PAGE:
However, you don’t want to pin all your hopes on investments. As part of your financial planning, you need to create a balanced retirement portfolio that includes IRAs, CDs, 501(k) savings, and investments. Your investments should be diversified, as well, including stocks and mutual funds, depending on your tolerance for risk.

If retirement is still many years away, it will pay to establish a diversified retirement plan that includes safe savings, such as IRAs, and investments that should yield higher rewards with more risk. With investment strategies, however, patience is the key to success.

What’s Your Risk Tolerance?

To be successful at investing, you need to have specific goals. Identify the goals you want to achieve with your investments and then plan accordingly.

If you are investing for retirement, that is truly a lifelong goal, and you will have different investment strategies at different stages of your life. How you invest will depend on the number of years until retirement, changes in income, and your appetite for risk. You may also want to invest for shorter-term goals, such as buying a new car or financing your child’s education. With short-term goals, choose investments that are more likely to yield the returns you want in the available time frame.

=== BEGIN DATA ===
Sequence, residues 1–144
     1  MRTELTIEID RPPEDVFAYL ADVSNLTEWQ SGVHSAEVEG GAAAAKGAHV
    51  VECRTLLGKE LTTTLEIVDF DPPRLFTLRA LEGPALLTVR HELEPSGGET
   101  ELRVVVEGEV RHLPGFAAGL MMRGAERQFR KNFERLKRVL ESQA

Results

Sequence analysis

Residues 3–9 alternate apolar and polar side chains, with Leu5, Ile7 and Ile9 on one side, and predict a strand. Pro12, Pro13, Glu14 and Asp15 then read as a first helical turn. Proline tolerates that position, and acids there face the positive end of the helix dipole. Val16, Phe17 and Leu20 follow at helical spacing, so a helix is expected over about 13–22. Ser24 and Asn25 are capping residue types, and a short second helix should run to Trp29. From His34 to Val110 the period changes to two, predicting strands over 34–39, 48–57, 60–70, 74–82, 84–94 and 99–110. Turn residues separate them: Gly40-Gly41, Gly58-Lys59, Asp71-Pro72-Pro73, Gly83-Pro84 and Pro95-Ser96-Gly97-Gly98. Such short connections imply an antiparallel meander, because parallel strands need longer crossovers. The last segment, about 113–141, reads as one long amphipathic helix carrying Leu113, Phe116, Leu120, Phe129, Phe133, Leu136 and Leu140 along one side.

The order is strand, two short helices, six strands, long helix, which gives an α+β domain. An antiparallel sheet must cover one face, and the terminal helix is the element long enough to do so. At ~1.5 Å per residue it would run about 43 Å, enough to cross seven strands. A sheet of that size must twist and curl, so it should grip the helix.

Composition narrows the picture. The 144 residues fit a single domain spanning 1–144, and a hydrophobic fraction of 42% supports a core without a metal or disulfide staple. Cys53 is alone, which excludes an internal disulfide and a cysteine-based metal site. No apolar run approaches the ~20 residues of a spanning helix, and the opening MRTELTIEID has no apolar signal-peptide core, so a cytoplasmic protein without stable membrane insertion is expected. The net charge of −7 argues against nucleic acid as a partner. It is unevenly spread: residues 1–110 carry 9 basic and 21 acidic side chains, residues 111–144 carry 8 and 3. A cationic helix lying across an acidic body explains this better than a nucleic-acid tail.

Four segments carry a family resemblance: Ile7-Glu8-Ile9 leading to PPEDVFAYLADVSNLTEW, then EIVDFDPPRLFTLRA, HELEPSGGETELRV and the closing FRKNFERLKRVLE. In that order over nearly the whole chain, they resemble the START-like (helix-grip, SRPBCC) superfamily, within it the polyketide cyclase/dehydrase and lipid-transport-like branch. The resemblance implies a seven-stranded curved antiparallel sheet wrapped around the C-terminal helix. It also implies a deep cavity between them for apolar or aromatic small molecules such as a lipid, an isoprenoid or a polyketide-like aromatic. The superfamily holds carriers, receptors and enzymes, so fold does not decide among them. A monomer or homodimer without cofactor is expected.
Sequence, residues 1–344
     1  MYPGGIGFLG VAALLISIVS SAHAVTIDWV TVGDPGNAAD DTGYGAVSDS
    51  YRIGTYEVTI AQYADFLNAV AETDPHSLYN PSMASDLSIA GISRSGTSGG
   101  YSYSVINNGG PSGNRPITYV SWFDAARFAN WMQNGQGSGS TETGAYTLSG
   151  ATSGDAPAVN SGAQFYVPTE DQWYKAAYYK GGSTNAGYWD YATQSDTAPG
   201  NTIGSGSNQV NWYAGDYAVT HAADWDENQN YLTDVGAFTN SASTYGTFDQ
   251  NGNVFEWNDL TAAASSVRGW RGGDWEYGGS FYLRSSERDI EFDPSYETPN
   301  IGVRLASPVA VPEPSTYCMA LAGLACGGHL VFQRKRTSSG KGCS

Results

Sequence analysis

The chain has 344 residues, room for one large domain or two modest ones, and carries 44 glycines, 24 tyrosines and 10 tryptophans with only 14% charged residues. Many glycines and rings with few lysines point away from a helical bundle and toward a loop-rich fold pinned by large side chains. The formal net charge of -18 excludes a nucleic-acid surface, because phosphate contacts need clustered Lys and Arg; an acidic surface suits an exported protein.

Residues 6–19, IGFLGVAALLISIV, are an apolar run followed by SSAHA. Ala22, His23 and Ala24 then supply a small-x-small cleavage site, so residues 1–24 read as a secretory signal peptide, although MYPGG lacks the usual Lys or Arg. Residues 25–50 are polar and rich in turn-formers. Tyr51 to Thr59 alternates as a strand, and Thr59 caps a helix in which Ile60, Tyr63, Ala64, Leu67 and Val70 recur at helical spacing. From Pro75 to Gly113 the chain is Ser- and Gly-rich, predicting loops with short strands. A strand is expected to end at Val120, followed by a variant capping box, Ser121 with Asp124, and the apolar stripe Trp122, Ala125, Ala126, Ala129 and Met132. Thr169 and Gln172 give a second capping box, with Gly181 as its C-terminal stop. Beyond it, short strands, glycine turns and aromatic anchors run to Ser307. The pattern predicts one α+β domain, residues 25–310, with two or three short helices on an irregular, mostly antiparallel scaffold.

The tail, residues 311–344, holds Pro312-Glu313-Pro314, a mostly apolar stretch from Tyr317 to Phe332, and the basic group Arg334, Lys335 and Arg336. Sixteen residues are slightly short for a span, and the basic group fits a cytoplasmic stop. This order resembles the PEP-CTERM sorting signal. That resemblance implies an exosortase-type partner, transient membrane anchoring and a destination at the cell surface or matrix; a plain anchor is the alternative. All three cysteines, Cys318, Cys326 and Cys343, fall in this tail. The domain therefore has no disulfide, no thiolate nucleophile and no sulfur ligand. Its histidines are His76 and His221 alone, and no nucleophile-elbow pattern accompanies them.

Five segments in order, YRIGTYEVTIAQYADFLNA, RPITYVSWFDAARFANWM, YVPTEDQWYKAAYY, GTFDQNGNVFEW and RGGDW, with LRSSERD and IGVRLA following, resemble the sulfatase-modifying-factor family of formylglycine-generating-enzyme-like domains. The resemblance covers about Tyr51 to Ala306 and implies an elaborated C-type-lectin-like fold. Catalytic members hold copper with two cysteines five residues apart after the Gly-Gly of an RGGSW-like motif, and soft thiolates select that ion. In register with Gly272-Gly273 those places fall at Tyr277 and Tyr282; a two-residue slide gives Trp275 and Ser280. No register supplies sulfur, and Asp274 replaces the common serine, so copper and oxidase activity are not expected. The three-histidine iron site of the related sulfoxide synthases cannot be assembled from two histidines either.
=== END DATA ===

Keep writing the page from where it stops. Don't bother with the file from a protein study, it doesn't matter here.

Once you establish a goal, estimate the total amount you will need to reach it. For example, if you’re saving for your child’s future tuition costs, your goal could be to have $50,000 saved within 10 years. Be sure to add in a buffer for lower-than-anticipated market performance. You then can work with your investment advisor to determine how to diversify your investments.